I’m reminded today of my fascination with fire when I was younger. In fact, I think everyone has a fascination with the destructive forces of the flame when they’re young. The hypnotic way the flames dance, licking up the edges of the wood, consuming the kindling in a whoosh of light and heat and smoke.
Fire is beautiful in all its terribleness. It’s the light and warmth on a cool summer night; it’s the glaring face of the sun, burning merrily throughout the day; it’s the soft flicker of candlelight at a romantic dinner; the crackle and roar of a wildfire; the thump and whoosh of a bonfire, spurring people to confront their darkest fears and hopes, their id, their primal self. That which crouches in the darkness at the back of their brain and falls backward in awe and wonder at the first striking of the match.
I used to conduct “experiments” on fire when I was younger. I was in awe of how the flames would consume their targeted fuel. How paper would smolder if it was packed too tightly, but wouldn’t burn. You have to crumple the pages, leaving small pockets of air for the flame to grow and live. Straw doesn’t burn well in individual strands, but if you wind a few together, you can produce a decent flame. Wood is slow to get started, and almost impossible to get started without some form of kindling to start it off, and to keep the flame going until it has a really good claw into the logs. Dryer lint works amazingly well as tinder, while shedded dog fur does not. Wet grass won’t usually even take a spark, while dried grass works like a charm. Feathers stink to high heaven as they burn, as does human hair. (my own, thanks!) And sage smells like a sharp, hot knife, cutting through and waking me up, while sandalwood puts me almost in a meditative trance.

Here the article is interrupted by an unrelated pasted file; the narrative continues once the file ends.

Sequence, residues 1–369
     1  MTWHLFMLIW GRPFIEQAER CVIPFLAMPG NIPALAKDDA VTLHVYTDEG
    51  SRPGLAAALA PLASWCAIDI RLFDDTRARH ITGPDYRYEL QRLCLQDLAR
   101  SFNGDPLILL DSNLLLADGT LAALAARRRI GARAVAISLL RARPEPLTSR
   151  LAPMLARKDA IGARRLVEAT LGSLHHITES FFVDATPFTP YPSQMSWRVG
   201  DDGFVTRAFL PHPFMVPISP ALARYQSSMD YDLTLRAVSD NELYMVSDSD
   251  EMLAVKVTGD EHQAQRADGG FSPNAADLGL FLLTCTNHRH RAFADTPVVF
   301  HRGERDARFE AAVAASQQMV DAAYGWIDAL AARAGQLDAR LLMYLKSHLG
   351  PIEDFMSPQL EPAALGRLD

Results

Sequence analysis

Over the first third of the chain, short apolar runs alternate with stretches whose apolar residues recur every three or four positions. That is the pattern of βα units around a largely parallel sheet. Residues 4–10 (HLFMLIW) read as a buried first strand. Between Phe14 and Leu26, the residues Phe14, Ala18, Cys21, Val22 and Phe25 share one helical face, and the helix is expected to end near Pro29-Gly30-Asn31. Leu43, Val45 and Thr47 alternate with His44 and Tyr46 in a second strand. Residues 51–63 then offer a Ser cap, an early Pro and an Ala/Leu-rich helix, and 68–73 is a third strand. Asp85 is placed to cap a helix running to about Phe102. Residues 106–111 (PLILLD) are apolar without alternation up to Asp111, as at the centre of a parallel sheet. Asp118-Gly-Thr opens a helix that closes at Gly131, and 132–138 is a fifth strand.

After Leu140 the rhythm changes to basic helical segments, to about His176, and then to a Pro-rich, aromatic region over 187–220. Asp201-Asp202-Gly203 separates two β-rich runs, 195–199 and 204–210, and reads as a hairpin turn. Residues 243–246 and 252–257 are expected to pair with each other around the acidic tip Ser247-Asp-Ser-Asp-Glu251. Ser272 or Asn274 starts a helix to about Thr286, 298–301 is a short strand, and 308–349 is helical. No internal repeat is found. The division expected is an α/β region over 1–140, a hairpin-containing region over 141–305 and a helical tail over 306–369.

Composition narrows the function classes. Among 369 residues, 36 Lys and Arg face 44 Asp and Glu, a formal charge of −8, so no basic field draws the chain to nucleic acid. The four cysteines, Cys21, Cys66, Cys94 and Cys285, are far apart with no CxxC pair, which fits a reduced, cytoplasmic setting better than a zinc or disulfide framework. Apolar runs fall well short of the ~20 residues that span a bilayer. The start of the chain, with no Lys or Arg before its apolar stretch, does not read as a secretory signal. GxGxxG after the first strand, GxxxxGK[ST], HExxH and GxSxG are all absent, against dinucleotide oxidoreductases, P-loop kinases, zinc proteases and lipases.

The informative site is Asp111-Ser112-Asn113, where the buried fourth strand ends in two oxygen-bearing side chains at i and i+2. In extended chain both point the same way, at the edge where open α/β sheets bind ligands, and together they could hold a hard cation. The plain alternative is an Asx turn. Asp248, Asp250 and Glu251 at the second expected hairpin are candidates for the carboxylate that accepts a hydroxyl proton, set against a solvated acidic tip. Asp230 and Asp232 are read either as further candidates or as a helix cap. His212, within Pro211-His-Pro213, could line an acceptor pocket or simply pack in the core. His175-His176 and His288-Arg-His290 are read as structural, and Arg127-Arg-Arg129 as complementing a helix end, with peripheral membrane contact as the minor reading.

Fire is something that lives at the center of us all. There is an eternal spark that dwells within, that feeds on fuel of a different sort. Some call it passion, some – inspiration. But it lies there, dug down deep, waiting for the flames to be coaxed, fed, fueled. Some people feed their spark their whole lives, you can see it in their eyes. There’s a twinkle that lives there, proving that they are in the middle in the flames. Some are slow starters, burning low and constant, coals barely glowing, but if you add just the right fuel it is a flame that can burn down the world. Others, sadly, have let their flames go out, leaving nothing but soggy ash and charred ends. And then, at the opposite end of the spectrum, there are the flares, those that burn so hot and so bright, that they shoot up, blinding everyone around them, only to collapse too soon, having consumed all the fuel to early, and go dark.
What kind of flame do you have within? Do you feed it, or allow it to burn untended? What is your fuel, and where do you find your gaze lighting? Where’s the passion, the inspiration, the muse? These are things that I think about, on the long dark nights, in the Winter of the North, and I dig down deep, stirring up the coals.